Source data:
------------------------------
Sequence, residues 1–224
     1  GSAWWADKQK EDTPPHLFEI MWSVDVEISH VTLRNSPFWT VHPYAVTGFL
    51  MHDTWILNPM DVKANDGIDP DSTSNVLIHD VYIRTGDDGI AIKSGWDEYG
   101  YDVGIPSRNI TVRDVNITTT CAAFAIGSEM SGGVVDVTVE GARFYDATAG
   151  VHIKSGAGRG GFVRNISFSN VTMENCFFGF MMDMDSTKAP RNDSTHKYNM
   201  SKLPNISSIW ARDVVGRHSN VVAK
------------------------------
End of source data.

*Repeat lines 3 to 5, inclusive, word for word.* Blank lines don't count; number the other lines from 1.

    51  MHDTWILNPM DVKANDGIDP DSTSNVLIHD VYIRTGDDGI AIKSGWDEYG
   101  YDVGIPSRNI TVRDVNITTT CAAFAIGSEM SGGVVDVTVE GARFYDATAG
   151  VHIKSGAGRG GFVRNISFSN VTMENCFFGF MMDMDSTKAP RNDSTHKYNM